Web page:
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Is your kid a dude or a chick?

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Reel Mama: Is your kid a dude or a chick?

Wednesday, August 24, 2011

Is your kid a dude or a chick?

This was a question recently posed to me at a grocery checkout line by the bagboy. I replied, “Well, she is covered head to toe in pink plus wearing glittery Princess tennis shoes.”  “So what?  Justin Bieber wears pink!” the cashier chimed in. 

He has a point.  And thank you, Justin Bieber, for being a progressive enough young man to wear pink.  After all, where is it written that men can’t wear pink?  Pink on a man can be very attractive, and not just on a tie.  And why the unwritten rule that baby girls must wear pink in order to be recognized by their gender?  And yet, because my daughter has very short curly hair, unless she is wearing something pink, at the very least a headband, she will inevitably be mistaken for a boy.

I remember the first time my daughter was mistaken for a boy.  She was wearing a brown onesie that said “Little girl, big dreams.”  Yes, “little girl” was actually emblazoned right on her person.  And yet, because the onesie wasn’t pink, a fellow mom thought she was a boy.  At the time I was upset, but now I’ve learned to let it go, because sometimes it’s fun for my daughter to wear blue or even brown and orange. 

We have arrived at a point where almost no toy is gender neutral.  Yes, even the Rock-a-stack comes in a version for little girls, with varying shades of pastel pink.  What is the message?  That primary colors are only for little boys?  I had to draw the line there.  Babies love to look at bright colors.  It’s a part of their development, and the pastels just weren’t as eye catching.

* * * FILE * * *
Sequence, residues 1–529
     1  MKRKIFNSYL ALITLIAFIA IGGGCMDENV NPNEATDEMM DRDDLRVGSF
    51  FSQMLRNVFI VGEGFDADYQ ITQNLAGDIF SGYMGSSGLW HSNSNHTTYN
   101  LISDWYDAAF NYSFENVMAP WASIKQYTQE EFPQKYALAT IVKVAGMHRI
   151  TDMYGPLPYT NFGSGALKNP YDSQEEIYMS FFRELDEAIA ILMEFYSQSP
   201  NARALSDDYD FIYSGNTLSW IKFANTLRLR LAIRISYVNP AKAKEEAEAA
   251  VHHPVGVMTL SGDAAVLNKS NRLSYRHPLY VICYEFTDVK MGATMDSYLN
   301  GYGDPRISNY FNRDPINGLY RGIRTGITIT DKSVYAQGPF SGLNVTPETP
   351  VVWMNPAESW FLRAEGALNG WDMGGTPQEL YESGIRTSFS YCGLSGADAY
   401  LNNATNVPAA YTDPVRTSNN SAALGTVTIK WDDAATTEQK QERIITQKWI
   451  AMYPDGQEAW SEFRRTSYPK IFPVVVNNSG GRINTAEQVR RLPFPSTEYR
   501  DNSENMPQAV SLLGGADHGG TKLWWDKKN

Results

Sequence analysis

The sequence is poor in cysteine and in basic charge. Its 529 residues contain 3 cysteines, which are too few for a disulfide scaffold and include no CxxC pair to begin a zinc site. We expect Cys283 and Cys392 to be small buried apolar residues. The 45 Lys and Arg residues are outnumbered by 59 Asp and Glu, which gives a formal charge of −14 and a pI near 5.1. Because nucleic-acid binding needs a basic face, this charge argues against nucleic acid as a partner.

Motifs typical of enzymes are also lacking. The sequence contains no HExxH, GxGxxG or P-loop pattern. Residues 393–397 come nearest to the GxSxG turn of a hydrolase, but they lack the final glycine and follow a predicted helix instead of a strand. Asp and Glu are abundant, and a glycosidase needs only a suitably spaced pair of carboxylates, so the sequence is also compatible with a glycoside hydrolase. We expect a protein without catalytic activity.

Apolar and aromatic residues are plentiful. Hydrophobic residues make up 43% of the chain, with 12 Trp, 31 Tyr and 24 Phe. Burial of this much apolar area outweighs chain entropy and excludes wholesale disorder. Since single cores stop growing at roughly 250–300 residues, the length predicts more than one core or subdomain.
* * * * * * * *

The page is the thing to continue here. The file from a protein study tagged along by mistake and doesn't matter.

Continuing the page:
Strangely, there’s some part of me that feels guilty when I consciously opt for the gender-neutral option, or even when I walk on the wild side and purchase something blue for my daughter.  Sometimes I feel guilty for not buying the pink version because in that moment I’m not singling out my daughter as the special one, the princess.  I’m deliberately choosing a toy that could be passed on to a future sibling, cousin, or friend of Leilani’s regardless of gender.  The toy companies hate this.

There’s something brilliant in the marketing of these toys that wouldn’t be gender specific if it weren’t for the new color-coding system: the regular version of the toy is now for the boys, and the telltale pink one is for the girls.  If you have or are related to a boy and a girl, whether they are your children, niece and nephew, or grandchildren, or even a friend’s children, you have to buy two of everything.

And yet there’s a part of me that deeply enjoys succumbing to the pink and celebrating my daughter’s femininity.  Even the backdrop of my blog is pink.  As the parent of a little girl, I believe it’s okay to enjoy the “sugar and spice and everything nice” and see the world through pink-colored glasses for a while. It can be a healthy and fun part of my daughter’s growing up, but it won’t be everything.  We can enjoy it and celebrate it without letting it take over our lives with the overwhelming compulsion to purchase everything in pink until she turns 18.  After all, Leilani’s favorite toy of all is Elmo, who isn't all that gender specific except for the name.  For Leilani the pink-clad Disney Princesses and Dora are a very distant second and third to our adorable furry red hero.

It’s going to be okay that Leilani loves her dollies and her dresses.  It’s going to be okay that all of her Legos aren’t pink.  And someday when she grows up, if she wants to move into the Barbie Dream House, I guess I would be okay with that.  After all, not all of them are pink.  Some of them are lavender. And once upon a time, they came in yellow and even (gasp!)…BLUE!  Unthinkable!


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